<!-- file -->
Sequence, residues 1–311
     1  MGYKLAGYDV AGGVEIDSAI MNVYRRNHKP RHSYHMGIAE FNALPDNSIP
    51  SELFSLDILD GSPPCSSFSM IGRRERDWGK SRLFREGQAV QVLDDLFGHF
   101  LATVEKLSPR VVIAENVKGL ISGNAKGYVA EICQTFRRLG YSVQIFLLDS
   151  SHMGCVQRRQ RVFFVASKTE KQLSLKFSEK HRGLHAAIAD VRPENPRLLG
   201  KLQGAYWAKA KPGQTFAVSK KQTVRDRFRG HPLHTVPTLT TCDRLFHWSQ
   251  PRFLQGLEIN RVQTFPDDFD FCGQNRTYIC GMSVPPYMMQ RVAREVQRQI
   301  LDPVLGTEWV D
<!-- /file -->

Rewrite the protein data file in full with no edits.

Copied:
Sequence, residues 1–311
     1  MGYKLAGYDV AGGVEIDSAI MNVYRRNHKP RHSYHMGIAE FNALPDNSIP
    51  SELFSLDILD GSPPCSSFSM IGRRERDWGK SRLFREGQAV QVLDDLFGHF
   101  LATVEKLSPR VVIAENVKGL ISGNAKGYVA EICQTFRRLG YSVQIFLLDS
   151  SHMGCVQRRQ RVFFVASKTE KQLSLKFSEK HRGLHAAIAD VRPENPRLLG
   201  KLQGAYWAKA KPGQTFAVSK KQTVRDRFRG HPLHTVPTLT TCDRLFHWSQ
   251  PRFLQGLEIN RVQTFPDDFD FCGQNRTYIC GMSVPPYMMQ RVAREVQRQI
   301  LDPVLGTEWV D